We knew that the board was magic and it had a lot of traction. My idea was just to knife in and do a step in the rail, to give you the ability of knifing a wave without sliding out but also not jeopardizing the thickness of the tail block so when it’s small it still worked.
Recently just watched the Momentum Generation Documentary on HBO and know that you were peripherally around for a lot of that era.
I have one little clip in one of ‘em, but honestly that’s when I had to start working for a living haha. I was 24 years old and needed to get a job.
Any good stories from living on the North Shore in the early 90’s?
Oh yeah, I mean it was a really strong brotherhood. I grew up going to the North Shore since I was 16 years old, staying at the Hill’s house and having all these young groms kinda mature into legitimate warriors like Todd Chesser, Brock Little, Shane Dorian, Ross Williams. We all were in the same strive of trying to make something happen for the Triple crown or make a name for ourselves during the winter. It wasn’t necessarily around photos, it was more about respect. And once you got the respect you were able to get the waves. It was a slower process to get to the pecking order but it was well worth it.
Who was your favorite and least favorite person to surf against in a heat?
My favorite people were probably like Todd Chesser or friends that we were really comfortable talking shit about each other in and out of the water. But we would just heckle each other all the time. But we were very, very courteous, kinda like used gentleman rules. Like if you were next, you were next.
The least favorite guys were the guys who were really tactical and would paddle you up and down the point and basically sacrifice 15-30 minutes chasing you around the water instead of surfing. There was a handful of guys that made careers out of it.
Watching the Pipe Masters this year, I think a lot of us were drooling over Kelly’s RP Tokoros and step-up Dan Manns. Will the public ever get a taste of either of those shape?
What you saw on the Dan Mann board is the FRK stretched out which is Kelly’s new go-to board that is designed by Dan Mann. I think it releases next week and you’ll kinda validate what I’m saying. He rode it at J Bay, at the surf ranch and at Pipe and it’s his go to competitive board. It’s a soft round pin tail and surprisingly it has similar DNA as a Dominator. The Rocker and fin placement are exactly the same. It’s just a great all around board Dan really mastered the rocker and fin placement.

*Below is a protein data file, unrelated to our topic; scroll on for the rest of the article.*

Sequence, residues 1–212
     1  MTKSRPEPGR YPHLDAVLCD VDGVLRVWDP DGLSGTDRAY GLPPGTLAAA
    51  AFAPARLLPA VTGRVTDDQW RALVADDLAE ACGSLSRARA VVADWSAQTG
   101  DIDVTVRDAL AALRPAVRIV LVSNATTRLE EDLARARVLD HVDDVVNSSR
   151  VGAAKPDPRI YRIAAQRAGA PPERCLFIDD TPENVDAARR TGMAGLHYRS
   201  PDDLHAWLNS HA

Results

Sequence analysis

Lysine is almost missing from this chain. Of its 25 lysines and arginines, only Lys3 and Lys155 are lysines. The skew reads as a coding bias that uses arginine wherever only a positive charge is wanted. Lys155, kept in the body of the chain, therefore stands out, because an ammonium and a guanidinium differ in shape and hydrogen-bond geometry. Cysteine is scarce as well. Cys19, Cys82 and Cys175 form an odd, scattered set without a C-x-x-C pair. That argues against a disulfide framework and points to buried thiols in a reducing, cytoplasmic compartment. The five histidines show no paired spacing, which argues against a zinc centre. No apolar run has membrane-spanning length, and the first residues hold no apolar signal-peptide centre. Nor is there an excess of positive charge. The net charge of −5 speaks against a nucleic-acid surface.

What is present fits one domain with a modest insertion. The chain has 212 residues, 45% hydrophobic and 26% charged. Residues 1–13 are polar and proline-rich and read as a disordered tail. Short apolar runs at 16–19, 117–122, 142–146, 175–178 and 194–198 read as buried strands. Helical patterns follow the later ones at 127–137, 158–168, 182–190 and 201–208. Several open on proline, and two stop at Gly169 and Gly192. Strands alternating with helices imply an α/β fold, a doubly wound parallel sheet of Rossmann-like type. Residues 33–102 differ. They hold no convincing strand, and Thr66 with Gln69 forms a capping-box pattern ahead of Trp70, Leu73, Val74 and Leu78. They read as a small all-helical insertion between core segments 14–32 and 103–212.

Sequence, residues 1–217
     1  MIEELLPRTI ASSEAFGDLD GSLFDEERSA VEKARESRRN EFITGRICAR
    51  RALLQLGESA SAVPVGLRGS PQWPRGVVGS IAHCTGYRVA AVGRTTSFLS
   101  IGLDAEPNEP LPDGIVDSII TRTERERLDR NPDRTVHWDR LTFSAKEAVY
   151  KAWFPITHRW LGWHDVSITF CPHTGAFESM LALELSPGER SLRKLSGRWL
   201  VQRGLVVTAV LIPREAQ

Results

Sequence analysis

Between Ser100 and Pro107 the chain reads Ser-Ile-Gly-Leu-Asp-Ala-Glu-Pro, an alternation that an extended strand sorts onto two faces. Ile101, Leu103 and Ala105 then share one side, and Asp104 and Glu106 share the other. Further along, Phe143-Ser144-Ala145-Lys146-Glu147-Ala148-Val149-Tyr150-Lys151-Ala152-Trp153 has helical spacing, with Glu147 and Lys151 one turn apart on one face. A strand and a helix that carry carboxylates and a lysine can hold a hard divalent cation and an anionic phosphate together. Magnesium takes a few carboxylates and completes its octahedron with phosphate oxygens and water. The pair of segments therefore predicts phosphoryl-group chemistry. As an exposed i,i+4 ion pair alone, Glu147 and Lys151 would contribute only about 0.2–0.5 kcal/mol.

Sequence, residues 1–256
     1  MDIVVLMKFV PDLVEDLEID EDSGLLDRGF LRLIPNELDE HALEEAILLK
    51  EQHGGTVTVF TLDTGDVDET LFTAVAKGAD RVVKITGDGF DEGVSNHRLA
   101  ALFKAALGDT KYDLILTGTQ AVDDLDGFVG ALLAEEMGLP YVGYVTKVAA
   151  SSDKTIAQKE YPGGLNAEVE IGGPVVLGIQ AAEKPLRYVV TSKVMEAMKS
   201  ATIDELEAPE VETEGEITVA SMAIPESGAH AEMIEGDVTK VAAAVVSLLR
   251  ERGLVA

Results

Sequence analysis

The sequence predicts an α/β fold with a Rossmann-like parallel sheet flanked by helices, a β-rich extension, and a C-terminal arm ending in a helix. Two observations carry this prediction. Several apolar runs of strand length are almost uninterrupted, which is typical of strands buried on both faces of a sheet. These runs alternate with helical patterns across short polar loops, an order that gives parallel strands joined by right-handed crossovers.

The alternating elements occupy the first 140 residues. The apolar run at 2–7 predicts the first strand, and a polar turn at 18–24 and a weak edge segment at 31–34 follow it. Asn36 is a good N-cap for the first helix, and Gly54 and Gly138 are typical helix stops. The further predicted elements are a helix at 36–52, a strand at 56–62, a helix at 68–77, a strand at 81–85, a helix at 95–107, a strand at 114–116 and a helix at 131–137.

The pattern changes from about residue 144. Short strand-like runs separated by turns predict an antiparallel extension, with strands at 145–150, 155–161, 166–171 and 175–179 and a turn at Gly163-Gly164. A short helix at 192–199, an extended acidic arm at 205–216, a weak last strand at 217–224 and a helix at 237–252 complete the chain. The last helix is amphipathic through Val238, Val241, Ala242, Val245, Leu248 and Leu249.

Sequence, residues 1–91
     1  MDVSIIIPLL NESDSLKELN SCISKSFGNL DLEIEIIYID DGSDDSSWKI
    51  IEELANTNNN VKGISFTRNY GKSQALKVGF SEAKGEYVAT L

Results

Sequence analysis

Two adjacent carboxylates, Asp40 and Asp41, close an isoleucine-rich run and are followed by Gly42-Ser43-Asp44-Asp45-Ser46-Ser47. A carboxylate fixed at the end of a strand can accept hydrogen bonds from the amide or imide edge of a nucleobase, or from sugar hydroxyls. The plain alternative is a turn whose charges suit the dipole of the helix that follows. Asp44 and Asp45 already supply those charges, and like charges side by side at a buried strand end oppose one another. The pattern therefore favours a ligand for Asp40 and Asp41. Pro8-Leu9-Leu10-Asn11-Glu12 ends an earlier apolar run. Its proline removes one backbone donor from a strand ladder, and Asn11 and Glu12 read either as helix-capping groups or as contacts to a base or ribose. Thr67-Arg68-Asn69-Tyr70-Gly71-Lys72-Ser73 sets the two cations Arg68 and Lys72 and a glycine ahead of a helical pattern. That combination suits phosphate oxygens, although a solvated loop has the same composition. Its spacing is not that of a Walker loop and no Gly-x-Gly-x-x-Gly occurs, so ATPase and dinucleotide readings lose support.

Can you beat Kelly in a round of golf?
I have before, but he has to give me a couple of strokes now. He plays way more than I do. He’s got the Jedi mind trick.
Are there any other shapers out there you guys plan on working with in the near future?
We attract a lot of great designers and shapers because we have a really seamless process to work off of an existing file that we convert into our file. We’re able to take all the variances out of building a board. Meaning that there is no real skill set with the shaping because it’s done on CAD design. We’re the only manufacturer on the marketplace, that I’m aware of that uses over a seven axis shaping machine that allows the machine to tuck the rails on the board. Which is like the hardest thing to do on a shaping machine is to get underneath the board without pulling the board off the rack. By having the boards in rocker beds we’re able to get the shaping tool underneath the rail and basically mimic what the shaper originally had designed.
That’s also how were able to do swallowtails, and channels. All those technical things that take shapers hours to sign off on, we’re able to replicate with all the CAD design and machinery that we use.
That’s pretty impressive.
It really is, like Michel Bourez won multiple contests on John Pyzel’s board without John ever seeing it. Same thing Taj and Kelly, the boards that are coming off the rack are that good?
Does Firewire ever plan on allowing customers to build custom boards with their specific dimensions, tail shapes, etc?
I think that’s the goal we got to get to the crossroad to where we don’t have to make a rocker bed for every single board.
Yeah that makes sense.
I think once we take that out of the equation, which is pretty hard. Cause like mentioned we don’t have center stringers, so the boards bend like crazy before they’re laminated and skinned, dealing with 1lb and 2lb cores there’s not enough integrity to support them while they’re underneath the stress of the shaping machine.
We would have to make multiple rocker beds to support a custom board.
So do you have to create a unique individual rocker bed for every single size of a model?
Every single one.
That’s insane so for the Sci Fi there’s probably like 12 or 13 rocker beds.
Yeah exactly. What’s interesting about the rocker beds is that people have this perception that they’re just there to support the board, but in reality they’re the male version of the bottom of the board. So we’re able to press the rockers. The success with Taj, it had a lot to do with we made his magic board once and were able to reproduce it over and over.
Because the rocker bed was actually implementing all the concaves and contours of the bottom of the board.
And it’s a fixed thing, like once it’s built it’s not going anywhere.